Monday, July 19, 2010

A Glitch in the Tour

The Tour de France is not easy. It requires discipline, planning, thought, strategy, and careful attention to calorie intake. I am, of course, talking about watching the Tour de France. Stages can be up to six hours long so watching them whilst maintaining our full time jobs is usually our biggest challenge of the summer each year. A challenge we train for and execute with the professionalism of a professional athlete. Or a pair of professional athletes.

Sitting on a couch.

Saturday night, as the riders of the Tour rode into Revel I found myself on the grill making the quintessential french dish: kebabs.

And what better to accompany this French delight than some salad made with kale and quinoa with balsamic (French balsamic) dressing?

I got my hands on some great top loin steak and cubed it up along with zucchini, tomato, pepper, mushrooms and haloumi. Generally I dislike the very idea of a kabob. Something about food on a stick always makes me uneasy. Perhaps it is from years of having to tediously skewer meats for various catered parties. Perhaps it is from years of accidentally skewering my hands accidentally. There's something in it, whether it be the poor memories from the past or the overall tediousness of having to remove the items from the skewer to be able to eat them.

To accompany these grilled treats I poured myself a Peak Organic Amber Ale from Maine. This particular bottle was not purchased on our recent trip to Maine but rather on a much older trip to Connecticut.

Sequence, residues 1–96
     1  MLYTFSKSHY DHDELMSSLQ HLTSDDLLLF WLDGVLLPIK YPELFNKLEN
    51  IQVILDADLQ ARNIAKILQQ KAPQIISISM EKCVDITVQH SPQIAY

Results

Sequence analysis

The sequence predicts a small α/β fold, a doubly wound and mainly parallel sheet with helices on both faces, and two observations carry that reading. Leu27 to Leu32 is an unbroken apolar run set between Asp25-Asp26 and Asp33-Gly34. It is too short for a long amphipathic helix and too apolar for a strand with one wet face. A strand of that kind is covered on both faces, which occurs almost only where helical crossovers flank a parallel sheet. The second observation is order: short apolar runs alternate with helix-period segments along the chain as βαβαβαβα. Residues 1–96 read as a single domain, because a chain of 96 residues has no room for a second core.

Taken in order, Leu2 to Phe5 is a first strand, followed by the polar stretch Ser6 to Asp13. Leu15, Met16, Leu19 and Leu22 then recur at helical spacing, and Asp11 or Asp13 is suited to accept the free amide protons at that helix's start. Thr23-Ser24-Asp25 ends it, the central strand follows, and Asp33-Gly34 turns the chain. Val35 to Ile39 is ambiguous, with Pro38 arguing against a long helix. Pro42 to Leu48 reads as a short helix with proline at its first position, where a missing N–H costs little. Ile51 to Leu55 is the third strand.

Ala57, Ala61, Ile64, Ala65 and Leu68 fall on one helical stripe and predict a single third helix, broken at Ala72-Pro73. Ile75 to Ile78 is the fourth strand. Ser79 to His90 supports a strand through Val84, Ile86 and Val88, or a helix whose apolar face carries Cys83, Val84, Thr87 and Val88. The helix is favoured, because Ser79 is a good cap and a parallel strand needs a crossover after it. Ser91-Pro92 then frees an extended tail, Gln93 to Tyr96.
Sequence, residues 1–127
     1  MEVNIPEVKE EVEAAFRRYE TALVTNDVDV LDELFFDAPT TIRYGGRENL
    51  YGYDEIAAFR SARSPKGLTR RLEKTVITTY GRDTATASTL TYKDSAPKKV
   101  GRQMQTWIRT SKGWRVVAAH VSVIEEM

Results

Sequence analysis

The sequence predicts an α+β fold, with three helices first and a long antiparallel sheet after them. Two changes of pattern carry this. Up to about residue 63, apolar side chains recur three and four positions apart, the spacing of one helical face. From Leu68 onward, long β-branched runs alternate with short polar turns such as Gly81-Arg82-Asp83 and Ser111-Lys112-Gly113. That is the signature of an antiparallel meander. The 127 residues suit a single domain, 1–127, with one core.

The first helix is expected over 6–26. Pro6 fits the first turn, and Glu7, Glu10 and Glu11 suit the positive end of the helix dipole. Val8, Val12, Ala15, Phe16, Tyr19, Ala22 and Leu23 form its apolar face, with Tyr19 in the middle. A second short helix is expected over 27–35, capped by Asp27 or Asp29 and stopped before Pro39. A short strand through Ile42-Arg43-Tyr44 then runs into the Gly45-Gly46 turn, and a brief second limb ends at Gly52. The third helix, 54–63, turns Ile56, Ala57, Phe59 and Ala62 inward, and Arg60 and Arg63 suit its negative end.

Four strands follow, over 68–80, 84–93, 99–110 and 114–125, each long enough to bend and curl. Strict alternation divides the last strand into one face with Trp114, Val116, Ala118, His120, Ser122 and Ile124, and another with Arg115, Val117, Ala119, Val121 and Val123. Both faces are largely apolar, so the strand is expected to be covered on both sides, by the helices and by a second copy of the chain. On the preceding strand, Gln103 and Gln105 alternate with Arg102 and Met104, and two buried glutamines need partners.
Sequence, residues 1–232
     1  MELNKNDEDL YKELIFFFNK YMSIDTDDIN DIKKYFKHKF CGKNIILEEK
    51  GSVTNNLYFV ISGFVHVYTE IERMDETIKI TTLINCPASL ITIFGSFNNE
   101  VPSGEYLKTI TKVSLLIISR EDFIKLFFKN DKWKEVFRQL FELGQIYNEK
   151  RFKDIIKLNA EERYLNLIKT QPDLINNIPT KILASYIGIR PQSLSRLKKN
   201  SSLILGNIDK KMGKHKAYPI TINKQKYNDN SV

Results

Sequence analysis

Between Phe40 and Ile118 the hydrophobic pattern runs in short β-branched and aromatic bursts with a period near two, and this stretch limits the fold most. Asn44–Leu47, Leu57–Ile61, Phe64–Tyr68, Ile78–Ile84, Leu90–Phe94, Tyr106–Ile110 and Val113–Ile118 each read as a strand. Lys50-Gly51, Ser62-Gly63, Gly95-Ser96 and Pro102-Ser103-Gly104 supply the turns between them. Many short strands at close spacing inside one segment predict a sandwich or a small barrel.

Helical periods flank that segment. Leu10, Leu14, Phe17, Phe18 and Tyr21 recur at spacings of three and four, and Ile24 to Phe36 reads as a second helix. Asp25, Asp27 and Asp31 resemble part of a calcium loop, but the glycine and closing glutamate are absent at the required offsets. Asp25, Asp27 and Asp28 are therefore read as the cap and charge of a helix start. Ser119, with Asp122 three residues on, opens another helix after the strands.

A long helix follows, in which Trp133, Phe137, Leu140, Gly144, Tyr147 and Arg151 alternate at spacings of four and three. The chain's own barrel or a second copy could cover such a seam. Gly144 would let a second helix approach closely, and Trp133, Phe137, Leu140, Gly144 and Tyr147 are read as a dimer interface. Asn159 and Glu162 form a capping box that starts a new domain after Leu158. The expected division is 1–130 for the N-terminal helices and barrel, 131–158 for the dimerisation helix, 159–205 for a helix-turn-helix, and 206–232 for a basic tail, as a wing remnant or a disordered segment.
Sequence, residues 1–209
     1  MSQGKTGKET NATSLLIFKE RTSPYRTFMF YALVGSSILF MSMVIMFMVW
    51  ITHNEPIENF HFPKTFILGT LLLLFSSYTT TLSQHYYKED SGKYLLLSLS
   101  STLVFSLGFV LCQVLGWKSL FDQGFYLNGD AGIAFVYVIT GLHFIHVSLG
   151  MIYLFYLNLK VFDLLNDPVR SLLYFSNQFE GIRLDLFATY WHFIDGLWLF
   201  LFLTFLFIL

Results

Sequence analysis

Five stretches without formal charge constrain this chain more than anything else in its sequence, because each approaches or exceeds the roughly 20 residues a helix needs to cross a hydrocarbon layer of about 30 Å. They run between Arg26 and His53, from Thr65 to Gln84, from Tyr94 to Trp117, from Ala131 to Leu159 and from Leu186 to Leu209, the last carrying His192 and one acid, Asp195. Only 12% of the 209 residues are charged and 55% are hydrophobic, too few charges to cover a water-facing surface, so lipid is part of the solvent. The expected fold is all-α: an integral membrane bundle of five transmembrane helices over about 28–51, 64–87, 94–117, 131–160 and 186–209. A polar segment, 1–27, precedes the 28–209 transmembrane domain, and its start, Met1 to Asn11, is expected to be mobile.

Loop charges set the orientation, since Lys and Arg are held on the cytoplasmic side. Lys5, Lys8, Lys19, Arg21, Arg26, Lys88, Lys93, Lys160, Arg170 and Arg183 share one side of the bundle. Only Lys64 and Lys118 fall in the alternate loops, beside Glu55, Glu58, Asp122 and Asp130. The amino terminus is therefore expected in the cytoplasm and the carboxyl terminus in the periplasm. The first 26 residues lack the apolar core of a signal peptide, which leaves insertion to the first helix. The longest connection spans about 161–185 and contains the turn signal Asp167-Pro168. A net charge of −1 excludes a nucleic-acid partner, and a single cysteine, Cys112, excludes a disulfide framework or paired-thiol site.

"Woah, deja vu."

"What did you just say?"

"Nothing, uh, just had a little . . . deja vu."

"What did you see?"

"What happened?"

"A kale salad just got served for dinner. Then another that looked just like it."

"How much like it, was it the same salad?"

"Might have been, I'm not sure. This one was made with Caesar dressing instead of balsamic and croutons instead of tomatoes, but otherwise like the same salad."

"Deja vu is usually a glitch in the Matrix . . . it happens when they change something. Typically when they change a dressing and/or method of preparation for a kale salad."

To keep with the theme of the Tour de France we had this nice Cheverny white wine from the Loire Valley which is not really anywhere near the Pyrenees where the riders are currently cycling. However it was quite tasty. It is so rare that we ever have wine from France. It's just that most of their wines are generally more than ten dollars per bottle. Who has that kind of money to throw around?

For a main course I sauteed up all the remaining onion, pepper, zucchini, garlic, mushrooms, corn from New Jersey, and green beans from Kent, Connecticut. I threw in some herbs de Provence (see? French!) and cooked up some Gnocchi (made in a French style) with some Parmiginiere Reggianeaux cheese.

Ah, you haven't enjoyed the Tour de France until you've enjoyed it with authentic French food.

Allez Cuisine!

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